Tuesday, August 20, 2013

Aunt Shirley and the Dees Women

Last weekend, my mom and I joined two of my aunts (Peggy and Patt) and a cousin (Susie) to spend a day cleaning my Aunt Shirley's house. As a child, I never imagined my feisty, sharp-tongued, hardworking aunt would ever need my help.

Here she is about three years ago along with my Uncle Bully.  (Yep, that's his name, and well-deserved!)

Now she suffers from a form of dementia. She has a lost look in her eyes. When my Mom told her I was along for the day, she asked me who I belonged to, though I spent many weeks at her home through the years. (The "who do you belong to" question is a common one among us cousins, but I've never been asked that by an aunt or uncle.)

But that's recent history.

Way, way, back, in rural south Georgia, there was a young woman who was one child of ten. She grew up in various places, mostly in and near Worth County. Her father was a sharecropper, and later worked on dairy farms.

There were lots of kids at home and not much - if any - money. But they always had clothes to wear and food to eat. My mom says she never felt deprived since they were like most everyone else around them. They were taught (mostly by example...and switches they selected themselves) fear God, work hard, and take care of family.

Aunt Shirley is the one on the back row, second from the left. Aunt Peggy is in the front on the left. My mom is in the front, far right. If you know my family, you'll see how much my niece looks like my mom here. (I love that about family: the resemblances pop up everywhere!)

I love this picture. I love that my older aunts (married, with kids of their own by then) are dressed as if for church, and my uncles look a little more casual, including the baby, Uncle Robert. All of them are fun, friendly people, which does NOT show up here. I guess having your picture taken was serious business in 1953!

Later, apparently bouffant hairdos were all the rage.

My Grandma Dees is seated, and from left to right are Mom, Aunt Shirley, Aunt Margaret, and Aunt Peggy.  I'm going to guess this is the late 60's since my Mom looked like this when I was born. I don't actually remember it, of course....I've seen pictures. ;-)

These women have had a lot of influence on my life and who I am today. A LOT!  Among a million other things....Grandma taught me to show hospitality and love through food; Mom taught me to value family; Aunt Shirley taught me to work hard; Aunt Margaret taught me to sacrifice for family; Aunt Peggy taught me the value of having someone who will always think you're perfect just the way you are.

That was the 50s and 60s. Here they are in the late 90s!

In the background is Aunt Shirley's house. I've always loved it.  It's sad to see it in disrepair now. I used to imagine how I would live in it someday.

That, of course, was before I realized that I'm not the fixer-upper type. Well, and that pesky little detail of actual ownership....

OK, one more picture. Here are Aunt Patt (a voluntary Dees by virtue of marrying my Uncle Wallace), Aunt Shirley, and my cousin Susie. This is at a baby shower for my sister. Since Grayson is almost 12 now, you can do the math.

It was Susie's idea for us to get together at Aunt Shirley's last weekend. She's a super hardworking wife and mom who has, by necessity, learned patience through life's challenges. And the woman is a cleaning machine! 

Many summers, my sister and I spent a week at Aunt Shirley's house. We helped pick vegetables from the huge garden (while whining), clean the house (while whining), hang laundry out on the line (while whining), shell peas (at least we got to sit down), and shuck corn (you guessed it - while whining). OK, before you judge, let me tell you there was no air conditioning in the house, and when you shuck fresh corn outside, the silks stick all over your sweaty self and there are WORMS!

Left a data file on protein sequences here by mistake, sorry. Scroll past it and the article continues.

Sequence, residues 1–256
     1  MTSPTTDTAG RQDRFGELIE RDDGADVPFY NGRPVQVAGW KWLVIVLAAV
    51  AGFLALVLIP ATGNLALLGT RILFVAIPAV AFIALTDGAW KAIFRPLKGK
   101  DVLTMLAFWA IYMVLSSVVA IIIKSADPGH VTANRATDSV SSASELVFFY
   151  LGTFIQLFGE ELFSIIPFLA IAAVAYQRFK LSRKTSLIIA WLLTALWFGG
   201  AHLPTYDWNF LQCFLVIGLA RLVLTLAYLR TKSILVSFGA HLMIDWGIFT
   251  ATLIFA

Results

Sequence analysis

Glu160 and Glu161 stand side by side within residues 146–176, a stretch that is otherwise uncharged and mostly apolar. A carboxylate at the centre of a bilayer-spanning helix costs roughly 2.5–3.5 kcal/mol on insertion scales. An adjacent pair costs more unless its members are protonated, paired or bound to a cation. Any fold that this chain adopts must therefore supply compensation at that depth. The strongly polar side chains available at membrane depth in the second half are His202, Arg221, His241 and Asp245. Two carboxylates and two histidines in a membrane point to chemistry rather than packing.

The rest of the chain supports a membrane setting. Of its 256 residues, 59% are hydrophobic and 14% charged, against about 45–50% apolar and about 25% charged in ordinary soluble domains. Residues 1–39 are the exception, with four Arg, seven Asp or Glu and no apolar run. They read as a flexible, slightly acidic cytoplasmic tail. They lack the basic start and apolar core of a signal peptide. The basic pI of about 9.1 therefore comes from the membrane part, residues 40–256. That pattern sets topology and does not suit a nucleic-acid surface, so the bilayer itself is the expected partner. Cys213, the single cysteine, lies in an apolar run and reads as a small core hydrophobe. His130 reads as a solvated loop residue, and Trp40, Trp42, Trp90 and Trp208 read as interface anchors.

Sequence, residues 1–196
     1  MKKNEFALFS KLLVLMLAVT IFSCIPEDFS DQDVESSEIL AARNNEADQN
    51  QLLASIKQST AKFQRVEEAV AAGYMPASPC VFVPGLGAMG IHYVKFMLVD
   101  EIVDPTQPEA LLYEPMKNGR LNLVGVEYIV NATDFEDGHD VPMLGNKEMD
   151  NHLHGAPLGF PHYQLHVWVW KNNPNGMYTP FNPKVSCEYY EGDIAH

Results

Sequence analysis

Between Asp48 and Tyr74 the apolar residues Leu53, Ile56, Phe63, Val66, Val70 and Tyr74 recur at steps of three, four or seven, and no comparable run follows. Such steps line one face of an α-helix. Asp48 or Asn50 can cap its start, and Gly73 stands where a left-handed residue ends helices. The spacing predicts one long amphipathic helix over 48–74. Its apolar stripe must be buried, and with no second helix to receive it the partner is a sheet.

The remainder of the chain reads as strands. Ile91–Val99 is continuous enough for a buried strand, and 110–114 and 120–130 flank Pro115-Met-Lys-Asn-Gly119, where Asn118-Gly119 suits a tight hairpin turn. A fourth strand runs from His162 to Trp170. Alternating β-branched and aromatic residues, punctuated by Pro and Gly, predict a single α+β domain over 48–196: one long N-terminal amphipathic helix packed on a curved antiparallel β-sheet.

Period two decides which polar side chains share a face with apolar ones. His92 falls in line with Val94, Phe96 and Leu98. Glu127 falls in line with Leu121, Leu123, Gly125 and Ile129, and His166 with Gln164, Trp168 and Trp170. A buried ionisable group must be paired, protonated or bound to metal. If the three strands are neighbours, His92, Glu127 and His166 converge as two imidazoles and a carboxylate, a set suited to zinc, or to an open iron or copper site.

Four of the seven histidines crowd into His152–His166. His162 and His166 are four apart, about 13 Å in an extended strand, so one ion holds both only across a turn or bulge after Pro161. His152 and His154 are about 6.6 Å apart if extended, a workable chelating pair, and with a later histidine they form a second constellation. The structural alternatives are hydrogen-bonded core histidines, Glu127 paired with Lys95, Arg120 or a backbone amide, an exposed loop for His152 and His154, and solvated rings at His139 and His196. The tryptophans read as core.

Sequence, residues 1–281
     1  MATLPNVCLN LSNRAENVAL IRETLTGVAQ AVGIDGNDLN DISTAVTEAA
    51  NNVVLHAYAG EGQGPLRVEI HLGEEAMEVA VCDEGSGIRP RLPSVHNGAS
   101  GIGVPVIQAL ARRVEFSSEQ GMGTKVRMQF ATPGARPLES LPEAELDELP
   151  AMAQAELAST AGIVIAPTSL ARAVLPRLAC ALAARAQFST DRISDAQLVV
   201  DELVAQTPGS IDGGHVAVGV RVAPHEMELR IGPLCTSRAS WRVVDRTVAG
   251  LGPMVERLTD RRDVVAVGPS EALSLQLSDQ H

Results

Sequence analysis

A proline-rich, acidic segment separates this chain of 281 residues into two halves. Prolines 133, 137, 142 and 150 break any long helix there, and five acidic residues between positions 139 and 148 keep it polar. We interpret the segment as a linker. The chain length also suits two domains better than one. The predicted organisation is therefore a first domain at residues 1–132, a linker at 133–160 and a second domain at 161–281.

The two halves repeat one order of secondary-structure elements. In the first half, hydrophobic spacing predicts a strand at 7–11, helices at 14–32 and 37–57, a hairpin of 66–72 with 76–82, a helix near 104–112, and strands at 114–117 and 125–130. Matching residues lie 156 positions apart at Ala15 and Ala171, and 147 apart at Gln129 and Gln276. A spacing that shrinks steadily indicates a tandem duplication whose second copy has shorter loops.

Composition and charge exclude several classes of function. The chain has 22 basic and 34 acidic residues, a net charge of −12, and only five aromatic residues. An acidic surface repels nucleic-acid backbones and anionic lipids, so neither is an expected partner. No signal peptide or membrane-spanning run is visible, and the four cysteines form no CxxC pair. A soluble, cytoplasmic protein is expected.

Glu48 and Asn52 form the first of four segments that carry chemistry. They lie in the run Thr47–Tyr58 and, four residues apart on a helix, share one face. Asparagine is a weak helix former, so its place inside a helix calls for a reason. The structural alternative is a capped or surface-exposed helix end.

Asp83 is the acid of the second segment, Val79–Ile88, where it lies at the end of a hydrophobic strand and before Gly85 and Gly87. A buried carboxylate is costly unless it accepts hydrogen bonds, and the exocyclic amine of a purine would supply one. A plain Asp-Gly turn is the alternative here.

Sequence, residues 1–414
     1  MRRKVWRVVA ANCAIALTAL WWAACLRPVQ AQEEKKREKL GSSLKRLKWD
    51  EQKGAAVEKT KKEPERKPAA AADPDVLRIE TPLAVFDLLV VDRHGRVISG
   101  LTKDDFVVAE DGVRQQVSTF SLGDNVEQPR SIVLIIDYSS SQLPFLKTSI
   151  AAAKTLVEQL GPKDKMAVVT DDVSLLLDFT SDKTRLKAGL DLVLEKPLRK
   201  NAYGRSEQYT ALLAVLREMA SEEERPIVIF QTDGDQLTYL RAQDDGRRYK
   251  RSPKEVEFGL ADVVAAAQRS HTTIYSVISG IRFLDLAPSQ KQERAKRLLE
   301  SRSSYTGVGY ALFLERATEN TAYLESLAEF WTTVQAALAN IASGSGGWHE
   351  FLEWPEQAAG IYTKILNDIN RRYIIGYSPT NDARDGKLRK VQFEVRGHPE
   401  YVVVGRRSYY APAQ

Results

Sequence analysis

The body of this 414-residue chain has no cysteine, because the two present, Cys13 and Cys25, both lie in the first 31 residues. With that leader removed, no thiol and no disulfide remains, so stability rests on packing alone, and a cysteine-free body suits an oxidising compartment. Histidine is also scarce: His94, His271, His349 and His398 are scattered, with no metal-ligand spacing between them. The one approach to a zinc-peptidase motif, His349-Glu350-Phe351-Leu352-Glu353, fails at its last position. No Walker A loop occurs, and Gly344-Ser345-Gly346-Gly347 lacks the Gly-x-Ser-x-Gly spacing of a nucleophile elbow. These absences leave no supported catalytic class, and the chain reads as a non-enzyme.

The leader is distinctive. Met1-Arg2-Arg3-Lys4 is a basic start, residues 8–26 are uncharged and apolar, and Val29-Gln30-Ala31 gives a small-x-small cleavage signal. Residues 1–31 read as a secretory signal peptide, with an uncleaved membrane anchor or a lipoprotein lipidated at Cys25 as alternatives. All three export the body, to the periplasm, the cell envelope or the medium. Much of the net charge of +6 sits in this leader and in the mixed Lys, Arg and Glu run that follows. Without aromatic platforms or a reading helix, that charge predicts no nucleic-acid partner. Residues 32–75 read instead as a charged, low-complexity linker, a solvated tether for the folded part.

A couple of those years, Susie came too. (I think she now goes by Susan, but she's still Susie to me!) Those were the special years, when we had someone else to help come up with new things to do. And as it turns out, when three little girls whine about shucking an entire truck bed full of corn, something magical happens and your uncle tells you to JUST GO AWAY! And, because you are little girls, you DO! And without one bit of guilt.

Anyway, although last Saturday at Aunt Shirley's was hard, it was also wonderful. I spent a whole day with some of my extended family. We worked together, laughed together, were sad together.  We shared a few meaningful glances and found that it's still hard to get much past Aunt Shirley. We remembered our times together, and worried about the future together. And that's the key; we were together

These days, when we are so busy just getting from one day to the next, we don't always take time to just be together. Cleaning and organizing is physical work, but we are quite capable of talking and catching up at the same time. And somehow, even if we aren't talking about deep, personal issues, we're still bonding. My Aunt Shirley didn't always know who I was throughout the day. But she knew that I was family. And that she is loved. 

Maybe that's the secret of Aunt Shirley and the Dees women. They aren't touchy-feely. They might not sit around and share their deepest thoughts, fears, and triumphs. They probably won't ask you, "How do you feel about that?" when you mention your latest struggle. But they will pray for you. They will come alongside you and will often offer practical help. Just know, if they offer advice, it's likely to be of the "buck up" variety. 

I'm glad I went to Aunt Shirley's last weekend. I hope I remember its lessons.

Tuesday, August 13, 2013

Choose Your Companions

"Choose your companions before you choose your road."   
Mark Burnett

I heard this quote last week and it immediately resonated with me.

Now, as a believer I'm pretty sure I'm supposed to choose my road first. You know, the straight and narrow. But well, I guess I did choose Jesus first, so maybe it works after all.

Anyway, I have some great traveling companions in this life: husband, family, friends, coworkers. They make all the difference.